“We’ve taken essentially not the lowest and not the highest but we tried to be somewhat moderate in our expectations of those additional revenues,” Conway said. “The cost of the civic center would be offset by those additional revenues.”

Another cost saving measure instituted in the plan is the outsourcing of maintenance of the facility to Johnson Controls Inc. (JCI) rather than hiring city employees. The move is expected to save the city an additional $625,000 annually in maintenance costs by hand off the 24-hour services to JCI. There are also provisions for the city to withhold fees to JCI, which average about $7,000 per day, if issues go unfixed past the timeframes agreed to in the contract.

“They’re going to be very motivated,” Conway said. “If three elevators are down for one day, that’s fifteen thousand bucks. They’ve just lost two full days of their payment, so they’re pretty motivated to make sure that the facility is functioning as well.”

At the end of the 40-year period where the city will assume full ownership of the civic center it is projected to do so with the facilities in no less than “B” condition. The contract calls for a Facility Condition Index (FCI) of no less than a .20 depreciation from what’s considered brand new. The original plan called for a .15 guarantee but Conway said by allowing JCI to lower that mark to .20 the city will save an additional $100,000 per year. Still, Conway said the commitment of resources will still aim for the original FCI mark.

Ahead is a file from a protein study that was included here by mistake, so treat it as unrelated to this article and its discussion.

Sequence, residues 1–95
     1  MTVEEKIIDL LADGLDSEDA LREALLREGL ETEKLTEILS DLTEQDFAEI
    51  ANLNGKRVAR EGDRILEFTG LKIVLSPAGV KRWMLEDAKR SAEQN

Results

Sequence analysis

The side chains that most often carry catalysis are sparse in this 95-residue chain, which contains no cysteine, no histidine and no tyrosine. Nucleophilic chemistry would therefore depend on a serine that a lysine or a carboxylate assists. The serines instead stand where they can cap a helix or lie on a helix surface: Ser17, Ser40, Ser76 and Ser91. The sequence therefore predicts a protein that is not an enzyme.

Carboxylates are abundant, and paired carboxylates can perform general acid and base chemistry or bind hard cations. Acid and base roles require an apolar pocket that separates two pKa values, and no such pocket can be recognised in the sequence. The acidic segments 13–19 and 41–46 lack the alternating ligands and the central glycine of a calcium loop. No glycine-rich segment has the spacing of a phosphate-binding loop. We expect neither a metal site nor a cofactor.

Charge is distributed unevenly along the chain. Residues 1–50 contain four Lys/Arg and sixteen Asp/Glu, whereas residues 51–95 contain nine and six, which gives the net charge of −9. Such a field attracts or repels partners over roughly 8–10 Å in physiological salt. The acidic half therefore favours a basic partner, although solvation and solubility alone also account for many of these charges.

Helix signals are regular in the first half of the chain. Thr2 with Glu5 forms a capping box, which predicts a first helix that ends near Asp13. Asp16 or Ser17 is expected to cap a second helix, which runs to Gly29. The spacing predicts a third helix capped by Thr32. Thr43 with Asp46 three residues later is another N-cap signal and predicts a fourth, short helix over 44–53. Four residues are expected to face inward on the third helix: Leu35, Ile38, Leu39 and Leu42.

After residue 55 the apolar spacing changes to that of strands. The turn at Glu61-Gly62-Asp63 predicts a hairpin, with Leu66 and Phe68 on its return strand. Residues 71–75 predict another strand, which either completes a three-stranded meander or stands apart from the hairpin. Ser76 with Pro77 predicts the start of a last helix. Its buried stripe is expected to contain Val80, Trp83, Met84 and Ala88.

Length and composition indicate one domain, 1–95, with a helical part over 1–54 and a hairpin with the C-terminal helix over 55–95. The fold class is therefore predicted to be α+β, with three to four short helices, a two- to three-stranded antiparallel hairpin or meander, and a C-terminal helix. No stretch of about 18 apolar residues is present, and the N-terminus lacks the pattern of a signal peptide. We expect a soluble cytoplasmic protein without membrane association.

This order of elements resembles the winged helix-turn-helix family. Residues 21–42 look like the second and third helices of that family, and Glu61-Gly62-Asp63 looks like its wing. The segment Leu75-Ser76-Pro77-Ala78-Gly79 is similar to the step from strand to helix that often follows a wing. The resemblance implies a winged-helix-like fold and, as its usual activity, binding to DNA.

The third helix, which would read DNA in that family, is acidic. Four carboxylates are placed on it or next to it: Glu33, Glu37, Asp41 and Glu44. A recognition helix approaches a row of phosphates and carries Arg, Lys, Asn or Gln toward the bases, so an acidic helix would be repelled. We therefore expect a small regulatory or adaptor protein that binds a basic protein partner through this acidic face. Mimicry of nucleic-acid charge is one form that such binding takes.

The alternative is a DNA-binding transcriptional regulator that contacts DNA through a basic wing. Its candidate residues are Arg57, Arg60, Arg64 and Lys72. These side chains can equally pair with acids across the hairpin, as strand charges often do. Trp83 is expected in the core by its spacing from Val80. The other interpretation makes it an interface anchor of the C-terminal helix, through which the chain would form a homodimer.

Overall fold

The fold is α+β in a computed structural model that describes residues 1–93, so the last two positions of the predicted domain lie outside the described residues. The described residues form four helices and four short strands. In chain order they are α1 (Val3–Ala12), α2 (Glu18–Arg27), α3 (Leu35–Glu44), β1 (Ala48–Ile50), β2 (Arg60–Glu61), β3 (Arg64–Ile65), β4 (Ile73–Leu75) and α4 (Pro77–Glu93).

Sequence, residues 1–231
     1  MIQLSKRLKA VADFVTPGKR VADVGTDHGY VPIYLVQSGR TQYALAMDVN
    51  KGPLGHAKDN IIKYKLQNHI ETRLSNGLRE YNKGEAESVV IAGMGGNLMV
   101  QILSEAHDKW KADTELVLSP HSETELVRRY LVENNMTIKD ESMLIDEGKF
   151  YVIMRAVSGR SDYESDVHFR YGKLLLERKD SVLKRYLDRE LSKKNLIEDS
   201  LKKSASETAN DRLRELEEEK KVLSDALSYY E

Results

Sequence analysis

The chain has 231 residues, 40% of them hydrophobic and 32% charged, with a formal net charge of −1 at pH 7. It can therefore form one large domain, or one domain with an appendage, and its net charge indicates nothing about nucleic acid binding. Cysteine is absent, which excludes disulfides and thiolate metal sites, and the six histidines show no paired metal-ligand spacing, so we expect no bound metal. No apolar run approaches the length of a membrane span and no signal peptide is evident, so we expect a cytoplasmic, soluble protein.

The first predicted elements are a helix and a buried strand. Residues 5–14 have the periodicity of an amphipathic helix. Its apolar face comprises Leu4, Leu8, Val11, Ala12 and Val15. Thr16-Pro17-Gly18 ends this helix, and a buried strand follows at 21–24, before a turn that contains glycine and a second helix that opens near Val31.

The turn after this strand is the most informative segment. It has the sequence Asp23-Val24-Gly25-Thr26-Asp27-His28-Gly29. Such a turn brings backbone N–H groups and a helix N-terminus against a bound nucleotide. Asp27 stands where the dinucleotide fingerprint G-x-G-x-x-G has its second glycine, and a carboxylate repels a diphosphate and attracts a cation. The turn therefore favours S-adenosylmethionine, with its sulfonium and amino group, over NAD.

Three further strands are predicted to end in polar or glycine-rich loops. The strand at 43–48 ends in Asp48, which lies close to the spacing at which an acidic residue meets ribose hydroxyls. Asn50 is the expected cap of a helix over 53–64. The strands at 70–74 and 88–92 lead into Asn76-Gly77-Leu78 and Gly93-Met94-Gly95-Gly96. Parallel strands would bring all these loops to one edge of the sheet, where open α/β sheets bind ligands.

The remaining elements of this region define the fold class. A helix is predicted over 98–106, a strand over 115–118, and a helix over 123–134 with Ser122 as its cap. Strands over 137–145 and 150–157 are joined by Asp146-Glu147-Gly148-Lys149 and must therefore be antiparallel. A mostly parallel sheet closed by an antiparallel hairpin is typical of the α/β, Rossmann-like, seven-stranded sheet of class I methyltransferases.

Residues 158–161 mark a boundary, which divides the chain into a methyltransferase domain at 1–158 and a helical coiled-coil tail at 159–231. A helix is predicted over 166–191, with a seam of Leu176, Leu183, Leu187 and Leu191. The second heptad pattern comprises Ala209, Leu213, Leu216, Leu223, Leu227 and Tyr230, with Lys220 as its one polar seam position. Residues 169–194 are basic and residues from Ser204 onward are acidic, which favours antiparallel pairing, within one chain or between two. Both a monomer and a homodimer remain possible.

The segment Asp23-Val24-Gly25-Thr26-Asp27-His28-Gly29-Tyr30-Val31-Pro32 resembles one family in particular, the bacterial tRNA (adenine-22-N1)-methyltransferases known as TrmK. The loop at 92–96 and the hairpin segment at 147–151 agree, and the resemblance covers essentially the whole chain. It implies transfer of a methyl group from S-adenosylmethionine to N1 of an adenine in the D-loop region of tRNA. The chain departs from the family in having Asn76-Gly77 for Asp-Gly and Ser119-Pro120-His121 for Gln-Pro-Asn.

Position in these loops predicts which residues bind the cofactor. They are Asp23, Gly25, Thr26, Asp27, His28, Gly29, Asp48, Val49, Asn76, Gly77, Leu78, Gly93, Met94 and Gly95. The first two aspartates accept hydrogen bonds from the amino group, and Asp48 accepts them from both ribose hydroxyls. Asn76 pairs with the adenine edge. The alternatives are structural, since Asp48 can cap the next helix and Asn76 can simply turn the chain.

The new civic center stands to transform the downtown skyline as well as the traffic and interaction in the sector with the addition of its walking loops and residential and retail aspirations. After green-lighting the project last December, Mayor Robert Garcia praised the decision of selecting PECP as the design firm and the prospects it posed for the city.

“Partnering with this team to build a new Civic Center is the right decision, and provides an opportunity to add residential development and other uses to the site, and to create a modern, sustainable project that will last for generations, without additional cost to our residents,” Garcia said.

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Jason Ruiz covers City Hall and politics for the Long Beach Post. Reach him at [email protected] or @JasonRuiz_LB on Twitter.